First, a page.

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  • toby wray

Video Tips For Marketeers #16 Who Owns My Work?


Children kabuki theater in Nagahama (warrior Kumagai, 12 y.o.). Credit and CC licence at end of article.


Getting copyright for your work

There is no official register for copyright. It is an unregistered right, there is no official action to take, no forms to fill in or fees to pay. Copyright comes into effect as soon as something that can be protected is created and “fixed” in some way, for example on paper, tape or on the Internet.

The right to own your own material however applies more if you’re freelance or working on something that is clearly independent of your work in marketing/video. If you’re employed to produce visual content you will generally have signed a contract that anything you produce whilst being paid or using their equipment belongs to your employer. Even independent work must be clearly separate if you are to avoid a claim.

Copyright law is intended to protect your work, and the work of others. Since 1976, creative work (Intellectual Property) is now automatically copyrighted. What this means is that as soon as you put pen to paper or shoot a frame, you automatically have rights that no one can take away from you without your permission.

You could register your work with the UK Patent Office-although your work is protected before you register, registration gives you additional legal advantages. In order for you to protect yourself and your work, you should understand the copyright laws that regulate and control intellectual property.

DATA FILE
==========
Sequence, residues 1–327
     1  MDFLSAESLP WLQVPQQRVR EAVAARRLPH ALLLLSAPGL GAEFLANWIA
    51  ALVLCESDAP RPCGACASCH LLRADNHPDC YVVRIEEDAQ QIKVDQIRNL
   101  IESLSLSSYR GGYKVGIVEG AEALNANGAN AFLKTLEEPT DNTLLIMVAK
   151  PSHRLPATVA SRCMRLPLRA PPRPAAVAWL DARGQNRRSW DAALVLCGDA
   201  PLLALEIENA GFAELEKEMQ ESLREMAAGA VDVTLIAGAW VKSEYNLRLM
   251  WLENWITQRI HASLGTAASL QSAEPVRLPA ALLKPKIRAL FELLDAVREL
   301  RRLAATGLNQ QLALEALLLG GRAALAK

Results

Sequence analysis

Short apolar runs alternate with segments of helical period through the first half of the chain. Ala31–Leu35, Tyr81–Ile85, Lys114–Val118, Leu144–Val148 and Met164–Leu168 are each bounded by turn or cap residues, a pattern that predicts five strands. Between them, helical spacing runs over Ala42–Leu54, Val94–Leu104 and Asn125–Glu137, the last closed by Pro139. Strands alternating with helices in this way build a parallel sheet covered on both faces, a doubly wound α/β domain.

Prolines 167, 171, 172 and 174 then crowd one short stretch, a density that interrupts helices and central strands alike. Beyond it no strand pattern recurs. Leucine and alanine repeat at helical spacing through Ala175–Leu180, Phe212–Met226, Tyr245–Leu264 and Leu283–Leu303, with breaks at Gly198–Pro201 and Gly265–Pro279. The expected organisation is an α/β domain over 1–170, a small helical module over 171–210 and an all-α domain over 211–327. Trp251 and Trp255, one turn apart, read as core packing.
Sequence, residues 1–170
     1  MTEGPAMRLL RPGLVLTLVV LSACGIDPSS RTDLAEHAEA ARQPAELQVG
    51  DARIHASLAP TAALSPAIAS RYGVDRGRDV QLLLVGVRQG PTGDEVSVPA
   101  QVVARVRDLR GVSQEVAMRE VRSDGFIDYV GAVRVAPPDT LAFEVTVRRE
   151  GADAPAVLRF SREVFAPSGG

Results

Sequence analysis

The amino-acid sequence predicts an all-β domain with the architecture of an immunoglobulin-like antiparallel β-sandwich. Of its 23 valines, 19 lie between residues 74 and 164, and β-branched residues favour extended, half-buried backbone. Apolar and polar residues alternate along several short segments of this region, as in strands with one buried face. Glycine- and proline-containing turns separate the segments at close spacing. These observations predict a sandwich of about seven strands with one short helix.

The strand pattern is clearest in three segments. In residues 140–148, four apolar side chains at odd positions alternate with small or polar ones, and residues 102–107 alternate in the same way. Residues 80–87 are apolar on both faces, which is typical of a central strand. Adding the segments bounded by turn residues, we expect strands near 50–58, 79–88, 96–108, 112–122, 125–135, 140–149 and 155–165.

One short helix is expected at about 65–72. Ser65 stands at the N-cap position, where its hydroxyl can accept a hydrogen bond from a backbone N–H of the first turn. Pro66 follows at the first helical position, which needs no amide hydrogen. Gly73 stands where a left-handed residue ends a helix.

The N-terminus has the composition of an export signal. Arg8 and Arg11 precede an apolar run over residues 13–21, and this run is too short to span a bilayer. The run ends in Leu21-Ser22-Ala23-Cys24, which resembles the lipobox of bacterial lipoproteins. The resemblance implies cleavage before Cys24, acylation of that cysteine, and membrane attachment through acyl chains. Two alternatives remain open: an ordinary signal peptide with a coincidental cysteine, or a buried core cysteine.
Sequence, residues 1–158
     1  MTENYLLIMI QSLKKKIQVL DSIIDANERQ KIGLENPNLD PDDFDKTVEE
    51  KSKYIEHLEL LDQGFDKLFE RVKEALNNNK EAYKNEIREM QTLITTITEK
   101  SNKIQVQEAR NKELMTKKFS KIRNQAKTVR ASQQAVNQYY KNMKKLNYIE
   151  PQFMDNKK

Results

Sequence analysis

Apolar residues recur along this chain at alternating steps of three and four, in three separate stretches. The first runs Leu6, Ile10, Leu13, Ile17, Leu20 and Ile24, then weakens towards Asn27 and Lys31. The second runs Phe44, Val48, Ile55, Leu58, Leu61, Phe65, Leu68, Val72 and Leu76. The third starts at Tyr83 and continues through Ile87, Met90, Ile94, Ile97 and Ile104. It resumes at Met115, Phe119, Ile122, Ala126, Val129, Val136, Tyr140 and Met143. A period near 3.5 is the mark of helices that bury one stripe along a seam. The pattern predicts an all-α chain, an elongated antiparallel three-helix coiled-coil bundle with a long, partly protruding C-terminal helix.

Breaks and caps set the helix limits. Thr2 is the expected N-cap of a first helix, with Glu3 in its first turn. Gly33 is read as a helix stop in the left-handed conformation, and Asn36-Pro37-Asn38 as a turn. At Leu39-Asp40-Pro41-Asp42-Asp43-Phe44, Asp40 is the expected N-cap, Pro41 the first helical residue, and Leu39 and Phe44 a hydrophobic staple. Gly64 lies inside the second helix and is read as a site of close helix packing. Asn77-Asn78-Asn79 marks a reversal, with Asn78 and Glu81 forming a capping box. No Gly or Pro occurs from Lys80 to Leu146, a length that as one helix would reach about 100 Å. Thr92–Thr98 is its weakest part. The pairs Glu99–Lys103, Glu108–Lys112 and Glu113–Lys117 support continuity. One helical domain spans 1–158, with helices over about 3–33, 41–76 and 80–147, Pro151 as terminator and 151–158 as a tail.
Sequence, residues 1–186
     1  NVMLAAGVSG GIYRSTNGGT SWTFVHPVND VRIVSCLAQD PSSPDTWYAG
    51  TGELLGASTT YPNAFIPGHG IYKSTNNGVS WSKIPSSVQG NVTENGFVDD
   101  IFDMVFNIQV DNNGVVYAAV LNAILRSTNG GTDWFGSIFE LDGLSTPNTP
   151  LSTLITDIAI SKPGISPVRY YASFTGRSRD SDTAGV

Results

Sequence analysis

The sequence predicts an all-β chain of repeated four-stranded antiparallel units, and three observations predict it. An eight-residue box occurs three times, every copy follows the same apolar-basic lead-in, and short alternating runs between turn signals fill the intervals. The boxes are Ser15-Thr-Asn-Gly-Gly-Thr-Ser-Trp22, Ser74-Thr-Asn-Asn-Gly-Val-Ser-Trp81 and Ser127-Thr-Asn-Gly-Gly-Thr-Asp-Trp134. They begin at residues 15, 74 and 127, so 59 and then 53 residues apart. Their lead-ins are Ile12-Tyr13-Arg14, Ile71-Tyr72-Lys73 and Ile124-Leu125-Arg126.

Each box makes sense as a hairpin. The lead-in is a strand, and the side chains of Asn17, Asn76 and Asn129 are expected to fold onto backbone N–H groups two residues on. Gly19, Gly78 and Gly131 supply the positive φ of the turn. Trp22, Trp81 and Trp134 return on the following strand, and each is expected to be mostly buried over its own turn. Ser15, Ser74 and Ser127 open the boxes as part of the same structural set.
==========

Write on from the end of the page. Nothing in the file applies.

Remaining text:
Novel Coronavirus SARS-CoV-2. Credit and CC link at end of article


Controlling the use of your work

I recommend using a “Creative Commons” licence, which will allow others to view and use your work, so long as they are not making money from this. This encourages sharing and collaboration but avoids you being exploited. (You may be able to use some music and other material which is available under Creative Commons licences)

Creative Commons is a non-profit organisation that offers a flexible copyright for creative work. Offering your work under a Creative Commons license does not mean giving up your copyright. It means offering some of your rights to any taker, and only on certain conditions. Their web site lets you mix and match such conditions from the list of options below. There are a total of eleven Creative Commons licenses to choose from, here are a few examples:

  • Attribution. You let others copy, distribute, display, and perform your copyrighted work and derivative works based upon it but only if they give you credit.

  • Non-commercial. You let others copy, distribute, display, and perform your work and derivative works based upon it but for non- commercial purposes only.

  • No Derivative Works. You let others copy, distribute, display, and perform only verbatim copies of your work, not derivative works based upon it.

  • Share Alike. You allow others to distribute derivative works only under a license identical to the license that governs your work. Everything can be done via the Creative Commons web site http://cre- ativecommons.org/ where they have lots of easy to understand explanations and examples of how to use their licences. The licences are very clear and simple, with a link to the full legal code text where this is necessary.

Next week - Health and Safety

First Image; Lens Of Japan

Second Image; NIAID

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